(2013, 2-5 players, 90 mins – Mac Gerdts)
Gerdts’ second game on the list is another Top 20 ever-present and a game I never get bored of playing. It comprises everything I love in a euro game, from light deck-building through resource management to non-direct interaction. But despite being thinky and tough to play well, the rules are clear and elegant while the turns are short and snappy. Plus, a series of smart expansions really help replayability.
(2014, 2-4 players, 90 mins – Sebastien Dujardin)
While generally well regarded, I’m surprised Deus didn’t get the plaudits it deserved. This clever euro does something original with a card tableau, which is refreshing. You play cards in five colours, but each you lay of the same colour triggers ones you laid before. Throw in a race feel, board position jostling and some screwage, and you have a real winner.
(2013, 2-4 players, 2-3 hours – Uwe Rosenberg)
Spoiler alert: You’re not going to find Agricola higher on my list. While I do enjoy it, I prefer the openness Caverna brings to Rosenberg’s worker placement style. Rather than front-loading the decisions via card draft, here you can make decisions on the fly as you build up your tableau. Sure, it’s less tense. But for me the experience is more satisfying.
7: Bora Bora
(2013, 2-4 players, 90 mins – Stefan Feld)
I’m not sure what was in the German water in 2013, but this is the third German euro from that year in my Top 10. This is another oft overlooked design, which is strange. Feld is a popular designer, it’s bright and colourful, and has a clever and interactive dice mechanism for action selection. It’s one of his heavier games, but for me clearly one of his best.
6: Ticket to Ride
(2004, 2-5 players, 60 mins – Alan Moon)
Online: Steam, app stores (Google/Apple)
This classic family game has been an ever-present in my top 10 (top six, in fact). At nearly 200 real-life plays it is comfortably my second most played game. And I introduce it to at least one or two new gamers every year. Collect cards, use them to build routes, and hopefully get in the way of your opponents. Add in expansions, and you’ll be playing forever.
The Top 5
5: Terra Mystica
(2012, 2-5 players, 2-3 hours – Drogemuller & Ostertag)
Online: BGA, Yucata
Terra Mystica is the most complex game on my list. But it’s testament to its quality that it doesn’t feel like it. It has a civ feel, as you manage your economy and build your territory. But the fantasy theme works, binding the various currencies into a coherent whole. It’s deep, strategic and original, while also tactical, smooth and familiar. Another Top 10 ever-present.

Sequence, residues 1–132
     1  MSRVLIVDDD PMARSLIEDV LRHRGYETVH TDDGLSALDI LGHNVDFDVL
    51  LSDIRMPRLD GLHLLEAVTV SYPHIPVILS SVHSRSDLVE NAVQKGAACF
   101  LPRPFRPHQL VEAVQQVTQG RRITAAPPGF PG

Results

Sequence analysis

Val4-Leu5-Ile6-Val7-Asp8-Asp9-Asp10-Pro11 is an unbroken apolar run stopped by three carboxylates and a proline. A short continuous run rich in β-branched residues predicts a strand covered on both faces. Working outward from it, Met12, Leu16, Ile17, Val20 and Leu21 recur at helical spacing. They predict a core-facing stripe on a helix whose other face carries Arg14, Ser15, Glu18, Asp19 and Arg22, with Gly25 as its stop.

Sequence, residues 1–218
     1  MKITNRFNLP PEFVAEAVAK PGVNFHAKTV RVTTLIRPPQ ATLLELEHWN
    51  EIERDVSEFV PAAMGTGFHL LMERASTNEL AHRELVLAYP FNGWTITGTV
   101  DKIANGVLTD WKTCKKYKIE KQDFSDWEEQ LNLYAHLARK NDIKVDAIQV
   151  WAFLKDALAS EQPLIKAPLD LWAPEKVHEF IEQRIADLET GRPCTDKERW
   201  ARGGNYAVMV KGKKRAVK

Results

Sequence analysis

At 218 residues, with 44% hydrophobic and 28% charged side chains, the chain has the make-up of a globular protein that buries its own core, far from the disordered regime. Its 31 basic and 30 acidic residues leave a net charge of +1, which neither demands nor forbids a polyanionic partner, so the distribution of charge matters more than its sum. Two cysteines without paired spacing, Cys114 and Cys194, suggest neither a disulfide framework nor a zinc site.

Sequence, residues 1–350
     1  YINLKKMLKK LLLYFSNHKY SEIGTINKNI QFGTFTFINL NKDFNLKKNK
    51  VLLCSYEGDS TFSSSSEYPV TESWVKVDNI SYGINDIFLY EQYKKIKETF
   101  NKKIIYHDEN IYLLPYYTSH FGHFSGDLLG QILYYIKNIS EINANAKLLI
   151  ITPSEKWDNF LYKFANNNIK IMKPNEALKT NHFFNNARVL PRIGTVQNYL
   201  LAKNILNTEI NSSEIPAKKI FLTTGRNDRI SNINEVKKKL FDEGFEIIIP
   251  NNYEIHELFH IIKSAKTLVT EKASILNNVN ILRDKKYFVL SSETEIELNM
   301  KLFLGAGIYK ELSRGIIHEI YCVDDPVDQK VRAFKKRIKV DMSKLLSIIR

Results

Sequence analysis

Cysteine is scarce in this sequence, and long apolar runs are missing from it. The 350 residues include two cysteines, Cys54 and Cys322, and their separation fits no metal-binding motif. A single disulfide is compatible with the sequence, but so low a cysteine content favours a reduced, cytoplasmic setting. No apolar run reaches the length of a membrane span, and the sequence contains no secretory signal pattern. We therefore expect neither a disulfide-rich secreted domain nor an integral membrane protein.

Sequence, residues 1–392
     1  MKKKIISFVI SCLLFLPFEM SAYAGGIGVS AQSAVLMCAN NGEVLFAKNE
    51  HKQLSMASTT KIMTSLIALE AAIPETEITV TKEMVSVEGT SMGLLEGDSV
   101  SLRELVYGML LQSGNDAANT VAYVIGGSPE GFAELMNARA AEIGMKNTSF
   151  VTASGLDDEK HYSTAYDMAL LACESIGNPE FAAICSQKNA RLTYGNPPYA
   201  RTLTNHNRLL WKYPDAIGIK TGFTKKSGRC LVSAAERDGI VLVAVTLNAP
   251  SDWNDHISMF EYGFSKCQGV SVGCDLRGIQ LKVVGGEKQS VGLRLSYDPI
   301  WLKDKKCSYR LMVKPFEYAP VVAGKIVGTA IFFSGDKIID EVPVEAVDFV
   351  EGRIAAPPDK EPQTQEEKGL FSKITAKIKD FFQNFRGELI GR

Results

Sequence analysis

4: Thurn and Taxis
(2006, 2-4 players, 60 mins – Karen & Andreas Seyfarth)
Online: BGA, Yucata
It’s not easy taking the ‘top family game’ crown from Ticket to Ride. But Thurn and Taxis did it on my list three years ago and hasn’t looked back. I still recommend TtR above it. But Thurn has the edge for me personally. It has the same route building/set collection vibe. But there’s just a bit more to it in every department for a gamer. Except it’s a bit more beige…
3: Terraforming Mars
(2016, 1-5 players, 2-3 hours – Jacob Fryxelius)
Online: Steam, app stores (Google/Apple)
Terraforming Mars is nerdy sci-fi gamer nirvana. But it’s also a fantastic tableau building euro any gamer can appreciate. On the surface, it can look like a mess of cards and tiles straight from a teenager’s notepad. But somehow it all comes together perfectly. The tight economy forces tough decisions and the card combos can be hugely satisfying.
2: Oracle of Delphi
(2016, 2-4 players, 90 mins – Stefan Feld)
Its unusual for a game to go straight into my Top 10. But Delphi did it five years ago and has been at my number two spot now for three. In some ways it is a typical Stefan Feld euro. A simple but clever dice-powered action selection mechanism, some point salad, and a dollop of luck. But this time it’s a race and it works beautifully. An underappreciated gem.
Best board games 2021: And the winner is…
1: Race for the Galaxy
(2007, 2-4 players, 60 mins – Tom Lehmann)
Online: BGA, Steam, app stores (Google/Apple)
When I started this list back in 2014, Race for the Galaxy had already been my favourite game for two years. And despite nearly 300 plays on the table, plus many more online, nothing has changed. It manages to pack a genuinely thinky and satisfying tableau building game into 30 minutes. Sure, there’s luck of the draw. But if you get bad luck, just go again. You only need to shuffle a deck of cards.
Sure, Race for the Galaxy does have a bit of a learning cliff for new players. The iconography can be baffling at first, despite the game’s relatively simple rule set. But once you get to grips with it, you realise it does need to be the way it is. And suddenly, like seeing the matrix, it all comes together. Expansions have added a ton of replayability over the years too. But the base game alone is a true gem. Will it ever be beaten?
Check out last week’s post for numbers 21-40 in my ‘Best board games 2021’ list. While my next post will be a nerdy stats post about this year’s and previous lists. After which, normal review service will be resumed (Mariposas and Mandala Stones reviews coming soon).